A District Court judge in Mississippi has certified a class action in a Fair Debt Collection Practices Act case in which the plaintiff has already obtained a default judgment against the defendant, after the defendant allegedly sent letters to the plaintiff that did not have the proper disclosures on them.
A copy of the ruling in the case of McAllister v. Lake City Credit can be accessed by clicking here.
The plaintiff filed her suit earlier this year, accusing the defendant of sending two letters, neither of which included a validation notice or information about how to dispute the debt nor information about the amount of the debt or the creditor to whom the debt is owed.
The first letter appears to be a reminder that a payment on the debt was due in about 10 days, and the second letter was sent a month later, saying that a payment was not received and that the individual should contact the defendant to make arrangements for a payment to be made, or the defendant would have “no alternative but to recommend additional collection action.”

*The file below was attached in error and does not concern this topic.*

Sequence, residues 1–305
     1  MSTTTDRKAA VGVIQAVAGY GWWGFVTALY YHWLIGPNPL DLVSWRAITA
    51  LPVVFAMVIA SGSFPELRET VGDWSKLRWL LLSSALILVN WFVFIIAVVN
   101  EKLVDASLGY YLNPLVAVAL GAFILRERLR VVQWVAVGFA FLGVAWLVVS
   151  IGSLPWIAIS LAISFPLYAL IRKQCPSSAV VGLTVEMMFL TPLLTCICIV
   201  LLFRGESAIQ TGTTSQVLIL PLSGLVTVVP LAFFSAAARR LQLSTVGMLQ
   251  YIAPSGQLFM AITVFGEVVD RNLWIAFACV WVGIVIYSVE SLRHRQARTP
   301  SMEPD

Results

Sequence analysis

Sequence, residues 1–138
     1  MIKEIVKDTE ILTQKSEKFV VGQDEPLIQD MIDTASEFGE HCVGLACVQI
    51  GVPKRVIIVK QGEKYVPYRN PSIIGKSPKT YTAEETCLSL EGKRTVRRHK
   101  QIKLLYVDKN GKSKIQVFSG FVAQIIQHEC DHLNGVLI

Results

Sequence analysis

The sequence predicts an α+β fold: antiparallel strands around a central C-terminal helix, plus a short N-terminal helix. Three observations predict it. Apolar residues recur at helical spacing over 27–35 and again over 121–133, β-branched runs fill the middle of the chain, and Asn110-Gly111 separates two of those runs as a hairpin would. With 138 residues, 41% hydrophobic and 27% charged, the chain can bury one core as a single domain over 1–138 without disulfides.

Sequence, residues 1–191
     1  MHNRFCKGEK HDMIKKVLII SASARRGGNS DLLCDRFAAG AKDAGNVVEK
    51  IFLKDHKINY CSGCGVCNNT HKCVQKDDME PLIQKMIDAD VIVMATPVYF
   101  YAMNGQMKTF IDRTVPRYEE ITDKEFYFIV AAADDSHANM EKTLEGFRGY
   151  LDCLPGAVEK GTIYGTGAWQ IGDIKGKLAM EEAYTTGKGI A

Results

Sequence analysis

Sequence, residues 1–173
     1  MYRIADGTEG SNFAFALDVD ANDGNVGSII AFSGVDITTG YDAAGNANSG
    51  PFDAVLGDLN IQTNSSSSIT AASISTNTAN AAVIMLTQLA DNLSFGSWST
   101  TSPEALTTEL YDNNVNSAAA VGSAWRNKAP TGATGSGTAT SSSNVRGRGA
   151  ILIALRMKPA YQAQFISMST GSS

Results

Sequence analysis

The defendant failed to respond to the complaint and a default judgment was entered against it this April. The plaintiff then moved to certify the class, which included anyone in Mississippi that received similar letters.
Judge Sharion Aycock of the District Court for the Northern District of Mississippi had no problem determining that the plaintiff satisfied all of the requirements to have the suit certified as a class action, even if the defendant did not respond to the complaint. Even though the circumstances of the case were “peculiar” because the defendant was in default, failure to answer a complaint is not a reason why a class can’t be certified. “To hold otherwise could essentially allow a defendant to circumvent a potential class action simply by failing to participate in the legal process — a rationale this Court cannot support,” Judge Aycock wrote.